Some researchers attribute the activities of this group to an evolution of Energetic Bear activity (referring to earlier activity as Dragonfly and later activity as Dragonfly 2.0); however, Dragos asserts that there are enough technical differences to justify tracking this as a separate group. This group avoids using custom malware, opting for commodity malware families that hinder attempts at applying attribution. Crowdstrike reports that this group has strong ties to Moscow, as targeting aligns closely with likely collection priorities of Russian intelligence.
Industrial Control Systems in Turkey, Europe, and the United States; US state, local, territorial, and tribal (SLTT) government and aviation sectors
Dragonfly 2.0, Berserk Bear
In July 2020, cybersecurity agencies from the UK, Canada, and the US jointly attributed a campaign targeting pharmaceutical companies and academic institutions involved in COVID-19 vaccine development to APT29, a group widely believed to be operating on behalf of Russian intelligence services.
The group began its intrusions by conducting basic vulnerability scanning against external IP addresses known to belong to the target organizations. The group then deployed publicly known exploits against the vulnerable systems it found, including popular Citrix, Pulse Secure, and Fortinet devices, among others. The APT29 actors then deployed custom malware, known as WellMess or WellMail, to execute commands, upload and download files, and other operational tasks on the victimized systems. Notably, these malicious tools are designed to work on both Windows and Linux-based systems and support command and control communications over multiple networking protocols.
This group has operated since at least 2008, collecting intelligence in support of foreign and security policy decision-making. The primary targets are Western governments and related organizations, but intrusion attempts have been witnessed across a broad spectrum of sectors. Notable compromises include the intrusion into the Democratic National Committee in 2015 and 2016, and intrusions into unclassified networks of a variety of U.S. government departments.
Western governments and related organizations, as well as Western Europe, Brazil, China, Japan, Mexico, New Zealand, South Korea, Turkey, and Central Asian countries
Cozy Bear, The Dukes, CozyDuke, YTTRIUM, Hammertoss, MiniDionis
In August 2020, the FBI and the NSA released detailed analysis of a malware toolset known as “Drovorub”, which the agencies attributed to a specific military unit within the Russian General Staff Main Intelligence Directorate’s (GRU) 85th Main Special Service Center (GTsSS), and linked this activity to APT28 and previous private sector research. This reporting does not speak to the targets or intent of Drovorub’s operators, but appears to be part of a concerted effort by the US government to publicize and counter Russian cyber threats.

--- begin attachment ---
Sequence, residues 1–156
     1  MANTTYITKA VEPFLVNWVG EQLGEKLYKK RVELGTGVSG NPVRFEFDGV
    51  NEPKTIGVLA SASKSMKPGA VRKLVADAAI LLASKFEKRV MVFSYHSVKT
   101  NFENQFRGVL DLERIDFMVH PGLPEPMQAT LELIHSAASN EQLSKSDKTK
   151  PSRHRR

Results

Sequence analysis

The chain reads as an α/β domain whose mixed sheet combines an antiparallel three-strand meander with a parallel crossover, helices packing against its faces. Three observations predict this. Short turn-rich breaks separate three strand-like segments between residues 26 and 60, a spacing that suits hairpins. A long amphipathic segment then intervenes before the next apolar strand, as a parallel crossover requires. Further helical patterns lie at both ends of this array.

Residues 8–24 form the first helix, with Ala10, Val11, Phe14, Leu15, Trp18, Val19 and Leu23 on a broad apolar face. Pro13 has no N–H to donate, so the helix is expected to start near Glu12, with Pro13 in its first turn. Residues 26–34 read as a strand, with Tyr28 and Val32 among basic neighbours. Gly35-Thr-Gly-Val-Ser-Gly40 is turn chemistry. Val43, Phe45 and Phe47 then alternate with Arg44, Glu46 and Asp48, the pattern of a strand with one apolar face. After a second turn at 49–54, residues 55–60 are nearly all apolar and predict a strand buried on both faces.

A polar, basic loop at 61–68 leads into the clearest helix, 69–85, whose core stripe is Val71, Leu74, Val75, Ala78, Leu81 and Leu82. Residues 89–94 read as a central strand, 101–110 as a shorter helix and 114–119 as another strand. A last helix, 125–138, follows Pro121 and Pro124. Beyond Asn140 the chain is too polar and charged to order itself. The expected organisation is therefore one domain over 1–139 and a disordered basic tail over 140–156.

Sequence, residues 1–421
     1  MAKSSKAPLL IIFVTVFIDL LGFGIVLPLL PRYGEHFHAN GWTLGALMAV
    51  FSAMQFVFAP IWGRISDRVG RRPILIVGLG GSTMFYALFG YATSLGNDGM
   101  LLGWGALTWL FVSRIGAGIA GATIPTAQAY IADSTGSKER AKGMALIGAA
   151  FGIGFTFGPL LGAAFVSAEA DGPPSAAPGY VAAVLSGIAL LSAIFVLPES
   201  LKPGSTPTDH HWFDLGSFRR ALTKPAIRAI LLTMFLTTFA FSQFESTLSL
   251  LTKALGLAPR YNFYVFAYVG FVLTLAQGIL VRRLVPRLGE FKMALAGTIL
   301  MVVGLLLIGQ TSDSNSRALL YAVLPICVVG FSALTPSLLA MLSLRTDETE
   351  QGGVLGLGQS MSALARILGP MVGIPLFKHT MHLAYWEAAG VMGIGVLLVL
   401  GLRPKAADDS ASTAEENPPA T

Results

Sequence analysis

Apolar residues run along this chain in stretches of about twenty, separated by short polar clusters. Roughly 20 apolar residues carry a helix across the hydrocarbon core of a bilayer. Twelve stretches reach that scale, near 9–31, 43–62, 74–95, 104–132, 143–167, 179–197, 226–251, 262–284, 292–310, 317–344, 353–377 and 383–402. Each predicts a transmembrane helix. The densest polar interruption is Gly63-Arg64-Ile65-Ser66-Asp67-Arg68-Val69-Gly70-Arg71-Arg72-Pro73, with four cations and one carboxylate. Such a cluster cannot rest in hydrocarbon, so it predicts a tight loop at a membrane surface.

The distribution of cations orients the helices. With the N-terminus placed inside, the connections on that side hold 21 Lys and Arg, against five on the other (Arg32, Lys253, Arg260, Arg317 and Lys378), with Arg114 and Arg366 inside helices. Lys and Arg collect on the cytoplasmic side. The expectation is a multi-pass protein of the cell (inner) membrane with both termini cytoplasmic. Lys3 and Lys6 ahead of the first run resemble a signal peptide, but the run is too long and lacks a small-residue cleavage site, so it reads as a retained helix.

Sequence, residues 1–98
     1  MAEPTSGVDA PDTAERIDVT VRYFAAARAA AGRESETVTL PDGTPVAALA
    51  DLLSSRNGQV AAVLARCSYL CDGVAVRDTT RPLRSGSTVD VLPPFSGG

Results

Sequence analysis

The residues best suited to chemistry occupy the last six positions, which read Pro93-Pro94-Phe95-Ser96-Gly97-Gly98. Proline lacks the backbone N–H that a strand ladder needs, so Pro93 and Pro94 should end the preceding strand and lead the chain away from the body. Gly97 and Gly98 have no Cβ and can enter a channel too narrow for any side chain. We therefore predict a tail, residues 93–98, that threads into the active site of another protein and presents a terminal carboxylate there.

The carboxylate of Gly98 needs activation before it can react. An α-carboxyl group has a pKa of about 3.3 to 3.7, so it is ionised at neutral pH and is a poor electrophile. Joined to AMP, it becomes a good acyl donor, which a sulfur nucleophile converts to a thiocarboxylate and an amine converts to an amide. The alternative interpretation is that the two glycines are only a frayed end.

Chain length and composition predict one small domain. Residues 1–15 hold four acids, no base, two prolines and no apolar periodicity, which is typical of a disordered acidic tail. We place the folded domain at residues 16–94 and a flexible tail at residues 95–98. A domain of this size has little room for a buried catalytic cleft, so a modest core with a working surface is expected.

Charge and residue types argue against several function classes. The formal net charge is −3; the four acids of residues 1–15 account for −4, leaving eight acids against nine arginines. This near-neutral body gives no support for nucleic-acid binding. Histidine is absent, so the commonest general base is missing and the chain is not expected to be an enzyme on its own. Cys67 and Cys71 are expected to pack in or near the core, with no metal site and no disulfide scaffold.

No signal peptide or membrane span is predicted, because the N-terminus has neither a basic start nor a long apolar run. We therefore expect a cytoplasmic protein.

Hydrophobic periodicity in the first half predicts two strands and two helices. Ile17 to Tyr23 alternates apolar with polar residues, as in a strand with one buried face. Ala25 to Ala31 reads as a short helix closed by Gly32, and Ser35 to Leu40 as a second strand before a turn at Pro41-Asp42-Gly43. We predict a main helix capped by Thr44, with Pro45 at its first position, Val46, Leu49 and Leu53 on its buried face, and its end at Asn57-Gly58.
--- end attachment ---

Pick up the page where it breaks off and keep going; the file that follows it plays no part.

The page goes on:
This espionage-focused group has also operated since at least the mid 2000s, targeting multiple sectors around the world with special focus on defensive sector organizations. Multiple governments have attributed the actions of this group to Russian military intelligence service, and notable operations have targeted organizations such as the International Olympic Committee, the Organisation for the Prohibition of Chemical Weapons, and the Democratic National Committee (similar to APT29). Cybersecurity researchers identify this actor as conducting some of the most far-reaching and sophisticated Russian cyber attack campaigns to date.
Aerospace, defense, energy, government, and media sectors, with victims in the United States, Western Europe, Brazil, Canada, China, Georgia, Iran, Japan, Malaysia, and South Korea
FANCY BEAR, Pawn Storm, Sednit, SNAKEMACKEREL, Sofacy, STRONTIUM, TG-4127
In May 2019, the hacking collective Fxmsp gained notoriety for reported breaches of three major antivirus companies.This group targeted intellectual property from each company, including code base, development documentation, and information on Artificial Intelligence (AI) modeling for the purposes of offering up this information for sale, as well as selling network access to victims.
|Known Targets||Large global organizations and government networks|
|Also Known As||N/A|
This cyber criminal group targets large organizations by deploying Ryuk ransomware via Trickbot banking malware. Evidence suggests that the ransom demand varies depending on the size of the targeted organization, and, as of January 2019, the total amount collected by the group was $3.7 million USD. At the end of 2019, researchers identified that WIZARD SPIDER continues to add functionality to the Ryuk variants it delivers in order to maximize the number of systems within a network impacted by file encryption.
|Known Targets||United States, United Kingdom, Canada|
|Also Known As||TEMP.MixMaster|
Throughout the first half of 2020, the Turla group was linked to multiple cyber espionage operations targeting government entities in Europe and the Caucasus. Researchers at ESET detailed updates to Turla’s ComRAT malware, the heir to the infamous Agent.BTZ, which was used to target two Ministries of Foreign Affairs and a national parliament. Turla actors were also linked to a narrowly focused waterhole campaign targeting Aremenian government officials and politicians and may have been behind an intrusion into the network of the Austrian foreign ministry.
Researchers have linked activity from this threat group to Moonlight Maze, a massive data breach of U.S. government classified information in the late 1990s, and one of the first widely known cyber espionage campaigns in history. Another notable campaign took place in 2008, when Agent.btz malware infected U.S. government classified networks via infected removable media. This group is still in active operation today. More recent operations of this Russian cyber attack campaign and group have been extremely targeted, going through extensive lengths to fingerprint systems, collecting as much information as possible, before making a determination as to whether the target is of interest for further operations. One of the techniques utilized includes attempting to lure visitors of compromised websites to download fake Adobe Flash updates, an approach utilized by cyber criminals across the globe.